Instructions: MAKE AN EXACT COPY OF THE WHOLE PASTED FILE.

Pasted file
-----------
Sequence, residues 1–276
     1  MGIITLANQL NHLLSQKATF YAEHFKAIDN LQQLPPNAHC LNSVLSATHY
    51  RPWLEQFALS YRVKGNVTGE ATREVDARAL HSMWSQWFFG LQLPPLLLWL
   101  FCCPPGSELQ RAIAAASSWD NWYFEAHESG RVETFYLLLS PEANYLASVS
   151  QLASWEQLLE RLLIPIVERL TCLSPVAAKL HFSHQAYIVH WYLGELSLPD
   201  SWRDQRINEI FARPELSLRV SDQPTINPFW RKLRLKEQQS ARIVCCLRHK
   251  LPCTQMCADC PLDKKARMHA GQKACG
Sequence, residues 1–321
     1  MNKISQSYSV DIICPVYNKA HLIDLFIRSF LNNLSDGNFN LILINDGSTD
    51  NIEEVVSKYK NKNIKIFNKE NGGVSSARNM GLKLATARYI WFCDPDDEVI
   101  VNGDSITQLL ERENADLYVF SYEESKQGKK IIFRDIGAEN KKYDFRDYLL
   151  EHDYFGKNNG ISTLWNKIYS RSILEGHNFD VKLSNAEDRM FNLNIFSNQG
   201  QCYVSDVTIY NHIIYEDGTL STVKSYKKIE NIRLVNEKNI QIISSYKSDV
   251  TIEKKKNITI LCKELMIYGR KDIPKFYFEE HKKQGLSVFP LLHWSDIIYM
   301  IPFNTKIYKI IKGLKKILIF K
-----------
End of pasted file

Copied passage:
Sequence, residues 1–276
     1  MGIITLANQL NHLLSQKATF YAEHFKAIDN LQQLPPNAHC LNSVLSATHY
    51  RPWLEQFALS YRVKGNVTGE ATREVDARAL HSMWSQWFFG LQLPPLLLWL
   101  FCCPPGSELQ RAIAAASSWD NWYFEAHESG RVETFYLLLS PEANYLASVS
   151  QLASWEQLLE RLLIPIVERL TCLSPVAAKL HFSHQAYIVH WYLGELSLPD
   201  SWRDQRINEI FARPELSLRV SDQPTINPFW RKLRLKEQQS ARIVCCLRHK
   251  LPCTQMCADC PLDKKARMHA GQKACG
Sequence, residues 1–321
     1  MNKISQSYSV DIICPVYNKA HLIDLFIRSF LNNLSDGNFN LILINDGSTD
    51  NIEEVVSKYK NKNIKIFNKE NGGVSSARNM GLKLATARYI WFCDPDDEVI
   101  VNGDSITQLL ERENADLYVF SYEESKQGKK IIFRDIGAEN KKYDFRDYLL
   151  EHDYFGKNNG ISTLWNKIYS RSILEGHNFD VKLSNAEDRM FNLNIFSNQG
   201  QCYVSDVTIY NHIIYEDGTL STVKSYKKIE NIRLVNEKNI QIISSYKSDV
   251  TIEKKKNITI LCKELMIYGR KDIPKFYFEE HKKQGLSVFP LLHWSDIIYM
   301  IPFNTKIYKI IKGLKKILIF K